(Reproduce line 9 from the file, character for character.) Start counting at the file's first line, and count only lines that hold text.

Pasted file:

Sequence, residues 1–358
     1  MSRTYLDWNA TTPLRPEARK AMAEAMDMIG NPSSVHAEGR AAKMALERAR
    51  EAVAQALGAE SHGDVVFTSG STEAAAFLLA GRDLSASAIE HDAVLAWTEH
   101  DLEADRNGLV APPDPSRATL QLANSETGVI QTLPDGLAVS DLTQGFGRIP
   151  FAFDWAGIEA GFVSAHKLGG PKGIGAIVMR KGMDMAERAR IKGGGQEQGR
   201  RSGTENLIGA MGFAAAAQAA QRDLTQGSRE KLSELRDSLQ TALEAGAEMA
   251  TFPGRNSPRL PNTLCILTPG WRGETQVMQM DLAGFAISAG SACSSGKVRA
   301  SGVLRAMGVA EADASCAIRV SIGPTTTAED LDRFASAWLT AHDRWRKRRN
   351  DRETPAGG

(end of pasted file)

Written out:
   351  DRETPAGG